-- Chuck, a night driver (email@example.com), February 19, 2000.
nope, even worse, chuck........
he "was convicted of marijuana possession last March in Augusta. The judge gave him seven years of probation, telling Covar that if he was to continue using the illegal drug, to keep it to himself."
the judge had already "allowed" him to break one law......so how was Covar supposed to know he'd be thrown in jail for breaking another?
of course.....that's "alledegly" breaking another.....
-- mebs (firstname.lastname@example.org), February 19, 2000.
It seems some of you can't grasp the point. If the quad wants to sell pot how does that affect you. It doesn't, no more than if he was selling cigarettes. However his incarceration does affect the taxpayers. Dissenters aghast that he committed something against the law. Did it ever occur to you that we have idiots passing legislation that should never have become law. This is a classic example. Now the taxpayers are responsible for his welfare for seven years. It should only be the select taxpayers that want pot to be illegal to pay for his welfare, not I!!!!!!!!!!!!!!!!!!!!!!!!!!!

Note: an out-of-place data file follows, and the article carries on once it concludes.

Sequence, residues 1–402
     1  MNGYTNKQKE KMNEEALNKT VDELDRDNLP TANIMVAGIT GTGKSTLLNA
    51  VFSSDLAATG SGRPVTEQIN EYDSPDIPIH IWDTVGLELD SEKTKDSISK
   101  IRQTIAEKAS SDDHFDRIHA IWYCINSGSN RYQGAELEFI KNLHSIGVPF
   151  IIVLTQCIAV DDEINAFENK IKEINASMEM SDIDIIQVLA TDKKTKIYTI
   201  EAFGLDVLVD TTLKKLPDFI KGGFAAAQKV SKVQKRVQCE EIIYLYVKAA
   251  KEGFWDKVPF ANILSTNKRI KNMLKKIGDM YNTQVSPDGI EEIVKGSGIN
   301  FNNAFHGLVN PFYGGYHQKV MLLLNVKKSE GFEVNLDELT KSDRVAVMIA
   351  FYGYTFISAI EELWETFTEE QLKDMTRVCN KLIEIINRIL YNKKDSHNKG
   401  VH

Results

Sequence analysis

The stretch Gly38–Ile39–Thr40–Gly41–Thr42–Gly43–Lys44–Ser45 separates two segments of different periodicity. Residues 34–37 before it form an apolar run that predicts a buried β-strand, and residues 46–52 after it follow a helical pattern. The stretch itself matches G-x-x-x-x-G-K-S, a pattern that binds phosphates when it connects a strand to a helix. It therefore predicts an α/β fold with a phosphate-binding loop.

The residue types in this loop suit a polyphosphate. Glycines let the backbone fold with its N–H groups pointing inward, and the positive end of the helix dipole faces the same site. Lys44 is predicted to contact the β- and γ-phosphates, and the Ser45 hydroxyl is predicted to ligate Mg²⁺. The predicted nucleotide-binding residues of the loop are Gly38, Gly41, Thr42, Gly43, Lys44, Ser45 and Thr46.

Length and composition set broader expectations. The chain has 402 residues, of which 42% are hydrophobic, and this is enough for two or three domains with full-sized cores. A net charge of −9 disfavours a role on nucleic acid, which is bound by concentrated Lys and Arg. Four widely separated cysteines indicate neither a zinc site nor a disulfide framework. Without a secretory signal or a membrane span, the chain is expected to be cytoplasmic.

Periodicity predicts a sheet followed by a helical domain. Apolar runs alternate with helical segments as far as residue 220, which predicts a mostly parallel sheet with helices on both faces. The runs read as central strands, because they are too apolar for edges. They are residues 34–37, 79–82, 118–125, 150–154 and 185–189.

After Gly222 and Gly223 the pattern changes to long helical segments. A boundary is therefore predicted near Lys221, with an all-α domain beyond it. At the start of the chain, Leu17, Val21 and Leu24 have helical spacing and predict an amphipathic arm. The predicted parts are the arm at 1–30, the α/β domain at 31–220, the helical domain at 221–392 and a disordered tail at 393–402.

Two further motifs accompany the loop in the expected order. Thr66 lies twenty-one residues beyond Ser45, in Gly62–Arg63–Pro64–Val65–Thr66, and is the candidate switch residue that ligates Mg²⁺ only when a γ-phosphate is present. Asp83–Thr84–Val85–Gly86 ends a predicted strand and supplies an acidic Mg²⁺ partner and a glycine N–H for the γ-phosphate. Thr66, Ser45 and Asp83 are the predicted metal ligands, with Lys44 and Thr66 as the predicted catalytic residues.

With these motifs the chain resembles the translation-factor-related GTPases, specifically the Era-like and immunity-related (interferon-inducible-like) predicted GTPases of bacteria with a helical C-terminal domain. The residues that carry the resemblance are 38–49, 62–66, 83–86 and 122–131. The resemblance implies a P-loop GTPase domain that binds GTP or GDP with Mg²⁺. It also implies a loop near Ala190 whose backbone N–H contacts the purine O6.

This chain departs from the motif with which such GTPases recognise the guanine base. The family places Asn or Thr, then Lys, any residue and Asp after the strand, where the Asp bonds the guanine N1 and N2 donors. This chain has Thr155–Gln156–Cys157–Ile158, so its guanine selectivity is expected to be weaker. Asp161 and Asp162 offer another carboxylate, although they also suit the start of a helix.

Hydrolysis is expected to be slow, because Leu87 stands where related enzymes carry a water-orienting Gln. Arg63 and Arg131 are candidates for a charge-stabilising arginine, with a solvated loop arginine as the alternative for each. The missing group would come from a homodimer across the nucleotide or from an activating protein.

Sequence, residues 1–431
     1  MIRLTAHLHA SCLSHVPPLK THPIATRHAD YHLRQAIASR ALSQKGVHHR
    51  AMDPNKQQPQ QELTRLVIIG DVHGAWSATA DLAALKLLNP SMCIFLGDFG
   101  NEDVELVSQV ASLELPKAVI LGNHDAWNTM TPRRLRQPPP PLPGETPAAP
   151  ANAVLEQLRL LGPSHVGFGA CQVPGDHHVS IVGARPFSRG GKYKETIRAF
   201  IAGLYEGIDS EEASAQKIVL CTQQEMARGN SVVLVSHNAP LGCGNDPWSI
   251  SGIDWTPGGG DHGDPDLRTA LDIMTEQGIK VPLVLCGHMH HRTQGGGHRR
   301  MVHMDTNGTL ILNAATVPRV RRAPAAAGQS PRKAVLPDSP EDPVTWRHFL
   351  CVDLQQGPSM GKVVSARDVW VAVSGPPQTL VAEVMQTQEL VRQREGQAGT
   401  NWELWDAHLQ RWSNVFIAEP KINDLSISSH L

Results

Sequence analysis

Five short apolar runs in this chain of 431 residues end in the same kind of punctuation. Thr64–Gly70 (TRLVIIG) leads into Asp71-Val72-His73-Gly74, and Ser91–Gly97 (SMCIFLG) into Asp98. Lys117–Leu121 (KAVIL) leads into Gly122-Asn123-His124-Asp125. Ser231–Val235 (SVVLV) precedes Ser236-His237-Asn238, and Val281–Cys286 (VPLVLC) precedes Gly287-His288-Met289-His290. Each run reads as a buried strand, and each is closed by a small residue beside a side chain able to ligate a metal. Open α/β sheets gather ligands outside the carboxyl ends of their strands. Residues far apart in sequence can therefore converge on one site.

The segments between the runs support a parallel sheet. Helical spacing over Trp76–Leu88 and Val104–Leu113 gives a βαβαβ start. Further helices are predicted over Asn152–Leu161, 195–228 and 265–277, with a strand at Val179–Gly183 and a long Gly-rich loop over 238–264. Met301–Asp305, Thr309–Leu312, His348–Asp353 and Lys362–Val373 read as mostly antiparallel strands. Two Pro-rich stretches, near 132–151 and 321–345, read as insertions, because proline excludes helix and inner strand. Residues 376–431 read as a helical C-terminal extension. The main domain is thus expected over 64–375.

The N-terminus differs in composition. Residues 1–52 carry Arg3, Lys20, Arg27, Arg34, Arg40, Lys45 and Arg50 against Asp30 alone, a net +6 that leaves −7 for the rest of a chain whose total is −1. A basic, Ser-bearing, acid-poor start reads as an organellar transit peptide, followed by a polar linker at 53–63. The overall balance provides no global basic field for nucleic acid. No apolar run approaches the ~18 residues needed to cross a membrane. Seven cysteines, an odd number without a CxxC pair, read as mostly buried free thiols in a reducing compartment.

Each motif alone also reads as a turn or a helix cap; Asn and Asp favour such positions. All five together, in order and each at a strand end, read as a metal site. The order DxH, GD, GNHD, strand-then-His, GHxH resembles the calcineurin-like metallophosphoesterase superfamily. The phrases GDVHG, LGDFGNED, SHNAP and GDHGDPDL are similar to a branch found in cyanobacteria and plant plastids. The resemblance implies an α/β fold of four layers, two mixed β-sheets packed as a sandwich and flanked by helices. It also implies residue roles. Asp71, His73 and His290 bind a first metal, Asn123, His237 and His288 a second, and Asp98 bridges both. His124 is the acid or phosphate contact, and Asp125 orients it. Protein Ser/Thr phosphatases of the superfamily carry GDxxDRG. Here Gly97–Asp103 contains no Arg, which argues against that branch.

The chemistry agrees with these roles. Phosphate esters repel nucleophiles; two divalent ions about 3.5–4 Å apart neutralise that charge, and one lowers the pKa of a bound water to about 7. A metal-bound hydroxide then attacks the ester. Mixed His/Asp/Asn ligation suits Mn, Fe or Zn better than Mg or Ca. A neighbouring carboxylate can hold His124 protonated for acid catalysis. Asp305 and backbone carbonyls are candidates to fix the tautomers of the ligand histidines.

Bottom line - pot shouldn't be against the law. If you find sufficient reason for it to be a crime then cigarettes should also be against the law as well as alcohol. Posession of alcohol - jail, selling - prison. Cigarettes the same. Double standard otherwise. Personally, I have never smoked anything but if he wants to smoke pot at his residence, that's his business.
-- Guy Daley (email@example.com), February 19, 2000.
How does a quad smoke pot? There must be at least one ablebodied accomplice here. Is this person also doing hard time?
-- (firstname.lastname@example.org), February 19, 2000.
Chuck and Mebs and Guy,